Innovation

Here's how Google plans to bring AR to desktop browsers

As augmented reality emerges for mobile use, the tech giant is trying to extend it to desktop users through Article, its desktop AR prototype.

Building a slide deck, pitch, or presentation? Here are the big takeaways:
  • Google is working to bring AR technology to desktop browsers.
  • Extending the technology to desktop users may increase its applications, as well as let developers and businesses reach a new market of those who may not use smartphones.

Google is working to make augmented reality (AR) a reality on desktop browsers, the company said in a blog post on Monday.

As AR use grows on mobile platforms, extending the technology to desktop users may increase consumer support and usage. Developers and businesses may be able to reach new markets, specifically people who may not use smartphones.

"To help bring (AR) to as many users as possible, we've been exploring how to bring augmented reality to the web platform, so someday anyone with a browser can access this new technology," the post said.

SEE: Virtual and augmented reality policy (Tech Pro Research)

Google's AR prototype, called Article, is a 3D model viewer available for all browsers and built on Three.js. Desktop users can interact with the model by dragging or scrolling to rotate or zoom in on the image, the post said. Users will be able to see which images are available for interaction because the image will move slightly when it enters the screen.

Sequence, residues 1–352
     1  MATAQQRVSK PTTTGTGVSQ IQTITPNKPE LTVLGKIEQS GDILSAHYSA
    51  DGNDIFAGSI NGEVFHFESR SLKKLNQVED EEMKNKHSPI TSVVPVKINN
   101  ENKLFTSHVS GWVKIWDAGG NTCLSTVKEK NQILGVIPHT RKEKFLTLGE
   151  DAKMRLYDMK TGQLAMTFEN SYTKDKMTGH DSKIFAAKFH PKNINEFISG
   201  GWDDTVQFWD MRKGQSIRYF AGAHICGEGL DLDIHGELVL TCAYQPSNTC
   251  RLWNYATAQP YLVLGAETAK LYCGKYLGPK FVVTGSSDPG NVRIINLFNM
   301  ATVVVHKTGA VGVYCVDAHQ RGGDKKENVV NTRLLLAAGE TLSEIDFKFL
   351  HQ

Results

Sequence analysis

Article requires an AR-capable device and browser to fully work. When correctly equipped, an AR button appears on the model to allow it to virtually appear in the user's camera. The user will be able to walk around the model and better understand its scale, the post said.

"The unique power of AR is to blend digital content with the real world," the post said. "So we can, for example, surf the web, find a model, place it in our room to see just how large it truly is, and physically walk around it."

Mobile apps currently using AR range in topic, from fantasy games to an IKEA app that virtually drops furniture in your home to show what it would look like. Desktop AR applications could fall along the same lines, potentially being used for shopping and education, the post said. With the ability to walk around the model via desktop, users may use it to test out furniture or to try on clothes without going to the store.

Clear interface cues have helped test users more easily understand how AR works, the post said. Easy use and clear instructions could be crucial because those working on desktop may not have had used the technology on mobile in the past.

Also see

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Image: Google

About Olivia Krauth

Olivia Krauth is a Multiplatform Reporter at TechRepublic.

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